Lieutenant-General Thomas Windsor, 1st Viscount Windsor (c. 1670 –8 June 1738), styled The Honourable Thomas Windsor until 1699, was a British Army officer, landowner and Tory politician who sat in the English and British House of Commons between 1685 and 1712. He was then elevated to the British House of Lords as one of Harley's Dozen.
Windsor was the second son of Thomas Hickman-Windsor, 1st Earl of Plymouth, by his second wife Ursula Widdrington, daughter and co-heiress of Sir Thomas Widdrington, Lord Chief Baron of the Exchequer, and Frances Fairfax.
He was made a Page of Honour to James II in 1685 (a post he held until the king was deposed in 1688) and a few months later was returned to Parliament for Droitwich, despite being only around sixteen at the time. Lord Willoughby de Eresby wanted both him and Peter Legh (died 1744) expelled as minors. Windsor took no part in the proceedings of Parliament and was not re-elected in 1687.
During the Monmouth Rebellion of 1685 Windsor had served as a cornet in Lord Plymouth's Horse under his father. He continued to serve in the Army as a captain in Sir John Fenwick's Regiment in 1687, as a lieutenant-colonel in Viscount Colchester's Regiment between 1690 and 1694, as a colonel of horse between 1694 and 1697, 1702 and 1707 and 1711 and 1712 and of the 3rd Dragoon Guards between 1712 and 1717. He was promoted to brigadier in 1702, to major-general in 1704 and to lieutenant-general in 1710.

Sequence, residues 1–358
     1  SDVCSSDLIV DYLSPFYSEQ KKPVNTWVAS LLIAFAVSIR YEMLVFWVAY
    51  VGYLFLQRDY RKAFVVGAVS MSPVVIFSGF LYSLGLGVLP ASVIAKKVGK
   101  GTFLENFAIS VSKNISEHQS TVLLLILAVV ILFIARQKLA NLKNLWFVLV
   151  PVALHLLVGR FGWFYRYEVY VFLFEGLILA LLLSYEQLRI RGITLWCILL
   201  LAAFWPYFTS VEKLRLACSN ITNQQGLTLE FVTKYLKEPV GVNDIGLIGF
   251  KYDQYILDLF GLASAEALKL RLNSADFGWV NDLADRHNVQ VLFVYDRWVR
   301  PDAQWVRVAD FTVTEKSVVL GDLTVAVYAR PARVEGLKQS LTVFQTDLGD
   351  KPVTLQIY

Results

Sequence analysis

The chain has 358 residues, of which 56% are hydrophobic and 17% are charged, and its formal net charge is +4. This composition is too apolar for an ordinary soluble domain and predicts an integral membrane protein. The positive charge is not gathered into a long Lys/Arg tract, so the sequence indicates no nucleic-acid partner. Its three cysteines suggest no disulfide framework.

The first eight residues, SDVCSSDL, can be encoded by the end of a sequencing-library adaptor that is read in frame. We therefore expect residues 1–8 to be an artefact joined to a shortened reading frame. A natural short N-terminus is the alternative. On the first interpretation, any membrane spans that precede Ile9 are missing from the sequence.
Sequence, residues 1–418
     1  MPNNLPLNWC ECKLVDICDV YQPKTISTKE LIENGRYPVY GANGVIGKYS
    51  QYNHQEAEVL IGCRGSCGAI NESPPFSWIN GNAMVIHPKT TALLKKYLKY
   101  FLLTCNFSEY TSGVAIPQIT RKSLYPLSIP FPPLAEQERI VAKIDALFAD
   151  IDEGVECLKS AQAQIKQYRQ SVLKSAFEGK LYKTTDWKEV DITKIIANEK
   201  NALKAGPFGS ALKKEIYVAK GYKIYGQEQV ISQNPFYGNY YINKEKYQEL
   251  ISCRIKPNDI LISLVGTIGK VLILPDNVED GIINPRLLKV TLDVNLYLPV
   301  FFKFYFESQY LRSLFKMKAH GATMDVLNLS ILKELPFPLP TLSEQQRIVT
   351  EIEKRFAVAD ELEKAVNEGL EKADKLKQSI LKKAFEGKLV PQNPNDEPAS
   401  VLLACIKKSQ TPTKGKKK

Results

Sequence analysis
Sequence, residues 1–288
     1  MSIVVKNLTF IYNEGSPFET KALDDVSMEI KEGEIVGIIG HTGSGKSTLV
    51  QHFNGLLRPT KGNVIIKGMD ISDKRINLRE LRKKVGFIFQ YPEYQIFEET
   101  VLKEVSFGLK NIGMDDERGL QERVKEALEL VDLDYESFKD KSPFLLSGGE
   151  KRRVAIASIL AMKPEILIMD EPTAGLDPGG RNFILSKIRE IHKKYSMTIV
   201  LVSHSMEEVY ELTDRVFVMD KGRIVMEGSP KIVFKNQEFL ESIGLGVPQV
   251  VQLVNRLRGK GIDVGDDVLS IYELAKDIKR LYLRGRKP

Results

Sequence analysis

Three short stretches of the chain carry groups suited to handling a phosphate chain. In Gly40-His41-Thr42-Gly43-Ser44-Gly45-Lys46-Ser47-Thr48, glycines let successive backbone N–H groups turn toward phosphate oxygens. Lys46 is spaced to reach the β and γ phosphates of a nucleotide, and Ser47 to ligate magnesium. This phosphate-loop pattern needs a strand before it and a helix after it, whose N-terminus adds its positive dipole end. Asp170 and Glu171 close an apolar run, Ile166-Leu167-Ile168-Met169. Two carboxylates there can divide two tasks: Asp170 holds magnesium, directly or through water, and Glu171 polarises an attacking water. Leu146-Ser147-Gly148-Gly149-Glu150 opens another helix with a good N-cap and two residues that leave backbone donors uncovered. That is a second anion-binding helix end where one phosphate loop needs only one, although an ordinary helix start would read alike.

In 1692 he was appointed Groom of the Bedchamber in King William's private household, serving until the King's death in 1702. In 1699 he was elevated to the Peerage of Ireland as Viscount Windsor, of Blackcastle.This being an Irish peerage he was still eligible for election to the English House of Commons, and in 1705 he was once again returned to Parliament for Bramber, a seat he held until 1708. Between 1708 and 1712 he represented Monmouthshire. The latter year he was created an English peer as Baron Mountjoy, in the Isle of Wight, as one of twelve peers created to secure a Tory majority in the House of Lords.
Lord Windsor married Lady Charlotte Herbert, only daughter of Philip Herbert, 7th Earl of Pembroke, and Henriette de Kéroualle (sister of Louise de Kéroualle, the principal mistress to King Charles II of England), and widow of John Jeffreys, 2nd Baron Jeffreys, in 1703. In 1709, they brought a petition to the House of Lords (which adjudicated on matters of noble titles and estates) seeking permission to sell the Jeffreys estates in order to pay their debts.
They had five children: one son and at least four daughters:
Charlotte died in November 1733. Lord Windsor died in June 1738 and was succeeded in his titles by his son, Herbert.